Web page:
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Carl Gustav Jung (1875-1961) was a Swiss psychiatrist and the founder of Analytical psychology. During the twentieth century, Jung has given the most profound contribution to the exploration of the human psyche.


He was born on July 26th, 1875, in Kessewil, the village where his father served as a pastor in the Swiss Reformed Church. As a boy, Carl was a loner, but at the same time he showed a great interest for learning, the feature that made him a scholar of impressive erudition of his time. From the age of six he studied Latin language, and he got acquainted with the Classical Literature. In his adult life Jung spoke several languages, and was familiar with the Sanskrit. During his youth, his interests were the natural science, the archeology, and the history of religion. However, his final choice was Medical School in Basel and work at the psychiatric ward.

 

In 1902, Jung started his professional career as an assistant of Eugen Bleuler, at Burgholzli mental hospital in Zurich, where he enlarged his knowledge in terms of the contributions French and German authors had made to the field of psychology. Jung was interested in the psychoanalytic theory, and in the philosophy as well. At that time period, the major part of Jung’s clinical work was dedicated to the psychotic patients. Using the word-associations test, he had laid the ground work for his Complex theory.

The intensive cooperation with Sigmund Freud lasted from 1907 to 1913. During this time period, Jung’s interests were directed toward the comparative mythology systems, and toward the study of the motives in the fairy tales and in the oniric states. This served him to introduce the concept of the Collective unconscious, and thus to enrich and deepen the psychological theory. The separation with Freud was partially based on the difference regarding the contents of the unconscious.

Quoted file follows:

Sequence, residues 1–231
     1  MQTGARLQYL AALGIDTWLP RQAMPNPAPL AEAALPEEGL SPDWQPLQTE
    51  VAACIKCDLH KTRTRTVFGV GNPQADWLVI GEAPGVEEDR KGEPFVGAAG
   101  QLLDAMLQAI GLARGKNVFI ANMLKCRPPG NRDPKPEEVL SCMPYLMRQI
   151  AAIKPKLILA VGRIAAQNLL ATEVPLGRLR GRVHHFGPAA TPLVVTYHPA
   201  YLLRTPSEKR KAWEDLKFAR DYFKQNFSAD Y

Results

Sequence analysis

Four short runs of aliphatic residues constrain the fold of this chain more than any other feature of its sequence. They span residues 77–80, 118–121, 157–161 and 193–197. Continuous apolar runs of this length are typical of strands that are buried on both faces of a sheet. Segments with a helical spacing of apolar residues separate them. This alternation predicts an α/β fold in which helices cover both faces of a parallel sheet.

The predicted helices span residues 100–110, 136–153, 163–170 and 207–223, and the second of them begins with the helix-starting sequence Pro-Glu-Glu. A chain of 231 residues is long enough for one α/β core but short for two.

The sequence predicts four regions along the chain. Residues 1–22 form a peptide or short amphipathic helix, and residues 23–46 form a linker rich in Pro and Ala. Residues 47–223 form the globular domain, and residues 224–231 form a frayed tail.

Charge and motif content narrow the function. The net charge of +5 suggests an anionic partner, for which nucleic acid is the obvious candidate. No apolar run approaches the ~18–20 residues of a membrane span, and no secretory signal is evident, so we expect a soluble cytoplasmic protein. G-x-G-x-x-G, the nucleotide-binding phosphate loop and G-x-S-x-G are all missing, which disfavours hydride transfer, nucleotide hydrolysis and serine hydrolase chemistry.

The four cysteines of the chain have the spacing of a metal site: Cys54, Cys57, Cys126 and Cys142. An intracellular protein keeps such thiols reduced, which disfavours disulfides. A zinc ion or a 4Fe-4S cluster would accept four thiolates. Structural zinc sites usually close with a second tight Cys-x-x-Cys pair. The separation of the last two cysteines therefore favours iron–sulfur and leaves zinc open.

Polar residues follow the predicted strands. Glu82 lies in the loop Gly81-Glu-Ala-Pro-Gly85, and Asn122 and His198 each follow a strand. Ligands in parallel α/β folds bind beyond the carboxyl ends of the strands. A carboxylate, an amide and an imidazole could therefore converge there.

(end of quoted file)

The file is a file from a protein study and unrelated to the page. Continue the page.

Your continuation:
During the World War I, while being isolated, Jung was preoccupied with the inner analysis. He had gone through the difficult period, struggling through his inner crisis out of which had flourished the important, prolific material, later used for the theory of the analytical psychology.


In 1919, Jung introduced the Archetype as a concept, in 1921, he wrote about the Psychological types.

 

During the 20’s of the last century, his psychological research lead him among the Pueblo Indians in America, and among the tribal settlements in Kenya. The studies of the symbols deepened his interests for the cultural heritage of the East and West, for the religious systems as well. He spent some time in India studying the theories neglected by the Western civilization. Jung had found the parallels between those theories and his theory of personal development and individuation process. Those theories had served him as a foundation for the development of the teleological approach.






His wife Emma Rauschenbach, had given contribution to the analytical psychology as well. They had five children, and they lived in Kusnacht, close to Zurich.


Beside the clinical practice and the work published, Jung’s career included the professorship of medical psychology at  the University of Basel, and the titular professorship of philosophy on the faculty of philosophical and political sciences of the Federal Institute of Technology in Zurich (1988-1942). Several Honorary doctorates were given to him.

 

In 1948, Jung founded the Institute in Zurich, later known as Carl Gustav Jung Institute. The institute was engaged in the training and research in the field of the analytical psychology.

He died on June 6th, 1961 in Kusnacht.